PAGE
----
Column: SEMO football gets contributions from all - and it needed them - in come-from-behind victory
Tyler Graef ~ Southeast Missourian
When a football team is trailing 31-14 with 25 minutes left in the game AND it is facing an opponent that has based its entire offensive scheme on running the ball and eating clock, the team that needs 17 points is in serious trouble.
“I haven’t been around a lot of teams that overcome that,” sixth-year Southeast Missouri State coach Tom Matukewicz said.
He is now.
The Redhawks got tremendous play from all components of its arsenal – eventually - Saturday at Houck Stadium to rally for a 38-31 win over Eastern Kentucky in front of 3,750 fans.
The victory kept Southeast (7-3, 5-1 Ohio Valley Conference) tied for first place with Austin Peay (7-3, 5-1).
The 60-minute journey that the Southeast program took on Saturday wasn’t a smooth ride.
There were the five turnovers (three fumbles, two interceptions) committed by the Redhawks.
There were the four scores (three touchdowns and a field goal) that the Colonels (5-5, 3-3) achieved in their initial seven drives.
But with its back against a figurative wall, the Redhawks – all of them – began to play to their ability.
“I’ve been coaching my whole life, “ Matukewicz said, “you’d think it was over in this game and deservedly so.”
Trailing 31-14 following Southeast quarterback Daniel Santacaterina fumbling in the end zone and it being recovered for a Colonel touchdown, the Redhawks embarked on an 11-play drive, which was capped by a seven-yard scoring pass into the flat to Zack Smith to trim the deficit to 31-21.
Chalk one up for the offense, which had shot itself in the foot repeatedly up to that point.
“I felt like we had (an offensive) rhythm the whole first half,” Santacaterina said. “Even when we were turning the ball over. We (just) needed to protect the ball.”
The Colonels were limited to three-play drives on each of their next three series, one of which ended with Redhawk free safety Bydarrius Knighten picking off Eastern Kentucky quarterback Parker McKinney.
Chalk one up for the defense, which had allowed Eastern Kentucky to rack up 24 points and 224 yards of offense by halftime.
Southeast put together a nine-play drive, which ended with a four-yard run by Zion Custis to pull within 31-28 early in the final period before a 10-play drive ended with kicker Kendrick Tiller booting a 40-yard kick to tie the game at 31.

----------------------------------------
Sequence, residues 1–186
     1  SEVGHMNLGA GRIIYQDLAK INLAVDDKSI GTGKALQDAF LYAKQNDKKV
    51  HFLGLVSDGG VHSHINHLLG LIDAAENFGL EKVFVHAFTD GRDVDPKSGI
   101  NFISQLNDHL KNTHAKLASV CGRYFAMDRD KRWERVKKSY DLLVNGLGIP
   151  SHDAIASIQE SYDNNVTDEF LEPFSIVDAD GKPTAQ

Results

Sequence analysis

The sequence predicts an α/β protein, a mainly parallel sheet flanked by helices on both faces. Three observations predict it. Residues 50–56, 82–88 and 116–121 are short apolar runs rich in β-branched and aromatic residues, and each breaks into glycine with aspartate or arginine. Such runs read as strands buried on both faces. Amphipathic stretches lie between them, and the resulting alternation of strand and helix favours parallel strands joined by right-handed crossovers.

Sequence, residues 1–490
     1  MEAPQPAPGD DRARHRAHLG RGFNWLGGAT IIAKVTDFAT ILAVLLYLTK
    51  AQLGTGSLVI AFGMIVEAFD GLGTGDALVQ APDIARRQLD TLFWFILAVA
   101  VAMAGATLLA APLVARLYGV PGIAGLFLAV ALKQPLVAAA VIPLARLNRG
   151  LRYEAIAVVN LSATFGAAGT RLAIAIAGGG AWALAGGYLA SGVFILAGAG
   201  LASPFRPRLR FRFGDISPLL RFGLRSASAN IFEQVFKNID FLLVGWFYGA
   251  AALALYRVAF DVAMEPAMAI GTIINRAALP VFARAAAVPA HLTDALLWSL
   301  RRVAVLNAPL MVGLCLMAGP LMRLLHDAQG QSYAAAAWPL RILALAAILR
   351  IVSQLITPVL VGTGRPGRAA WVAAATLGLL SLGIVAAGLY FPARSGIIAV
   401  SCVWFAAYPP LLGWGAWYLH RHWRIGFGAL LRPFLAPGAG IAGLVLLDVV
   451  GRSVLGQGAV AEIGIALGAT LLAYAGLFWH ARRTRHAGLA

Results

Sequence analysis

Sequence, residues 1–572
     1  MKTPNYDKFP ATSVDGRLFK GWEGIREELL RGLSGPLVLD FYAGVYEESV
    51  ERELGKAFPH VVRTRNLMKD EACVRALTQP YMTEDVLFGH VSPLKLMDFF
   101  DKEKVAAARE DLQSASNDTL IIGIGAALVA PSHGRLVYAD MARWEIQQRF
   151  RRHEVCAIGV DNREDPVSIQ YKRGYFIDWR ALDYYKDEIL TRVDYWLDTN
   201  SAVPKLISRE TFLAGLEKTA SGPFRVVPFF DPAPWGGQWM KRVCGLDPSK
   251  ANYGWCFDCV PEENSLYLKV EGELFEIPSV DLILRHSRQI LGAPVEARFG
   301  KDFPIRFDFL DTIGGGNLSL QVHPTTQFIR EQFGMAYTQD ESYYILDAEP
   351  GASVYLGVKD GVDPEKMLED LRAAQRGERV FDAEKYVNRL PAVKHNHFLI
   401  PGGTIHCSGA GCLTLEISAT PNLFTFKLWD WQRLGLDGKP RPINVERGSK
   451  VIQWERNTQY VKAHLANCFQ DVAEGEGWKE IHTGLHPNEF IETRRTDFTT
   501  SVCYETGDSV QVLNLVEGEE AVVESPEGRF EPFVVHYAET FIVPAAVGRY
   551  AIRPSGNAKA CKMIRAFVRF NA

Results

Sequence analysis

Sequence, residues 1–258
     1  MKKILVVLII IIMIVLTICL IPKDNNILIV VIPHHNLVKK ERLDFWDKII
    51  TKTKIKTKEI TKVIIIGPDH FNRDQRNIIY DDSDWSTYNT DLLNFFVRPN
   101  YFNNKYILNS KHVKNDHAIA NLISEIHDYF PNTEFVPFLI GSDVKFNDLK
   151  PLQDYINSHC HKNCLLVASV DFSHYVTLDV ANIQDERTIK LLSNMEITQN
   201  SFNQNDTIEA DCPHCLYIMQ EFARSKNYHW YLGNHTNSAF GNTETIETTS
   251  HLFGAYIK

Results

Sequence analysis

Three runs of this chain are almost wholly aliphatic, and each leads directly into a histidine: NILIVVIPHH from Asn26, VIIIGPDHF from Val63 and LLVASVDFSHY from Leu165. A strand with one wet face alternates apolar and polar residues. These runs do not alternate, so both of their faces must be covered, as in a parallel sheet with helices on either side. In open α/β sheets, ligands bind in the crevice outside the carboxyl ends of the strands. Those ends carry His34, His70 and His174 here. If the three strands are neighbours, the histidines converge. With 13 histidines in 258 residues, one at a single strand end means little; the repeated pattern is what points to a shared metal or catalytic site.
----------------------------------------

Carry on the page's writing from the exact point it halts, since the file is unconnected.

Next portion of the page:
Chalk one up for the special teams.
“That wasn’t a chip shot,” Matukewicz said of the field goal. “It was windy. That was a huge play.”
Though Southeast had seized the momentum, Eastern Kentucky was still in charge.
The Colonels held possession of the ball and this was the exact situation they tend to thrive in.
“I really only look at how much we are able to possess the football down the stretch,” Eastern Kentucky coach Mark Elder said earlier this week. “That is what matters to me.”
With 5:55 left in the game, Eastern Kentucky ran eight plays for 36 yards, while running the clock down to 1:38.
On a third-and-2 play, the Redhawk defense stiffened as defenders Ryan Ochoa and Omardrick Douglas stopped the OVC’s best run game from gaining more than three feet.
Facing a fourth-and-one, and inching perilously close to makeable field goal range, Eastern Kentucky handed the ball off to the most productive runner in the league (Daryl McCleskey).
He couldn’t gain a yard.
“Just stop them,” Southeast defensive lineman Clarence Thornton said of his mindset. “Get as much penetration as possible, get behind the line of scrimmage and make a play.”
McClesky bounced and spun off of several Redhawk defenders before freshman linebacker Mike Matthews and sophomore strong safety Lawrence Johnson corralled him at the line of scrimmage.
“Huge,” Matukewicz said. “Going on the road, you ought to pick up a yard if you are going to win a game. But man, it definitely was the play that took us off.”
The Redhawks responded with a six-play, 69-yard scoring drive that took less than a minute to culminate, and when Custis carried the ball into the end zone untouched from 12 yards out for the final score, the total team collaboration was complete.
“One thing about this team is they are not phased,” Matukewicz said of the group facing adversity. “We’ve been down. We’ve played bad and won. We’re just a veteran group, so we still believe to the end.”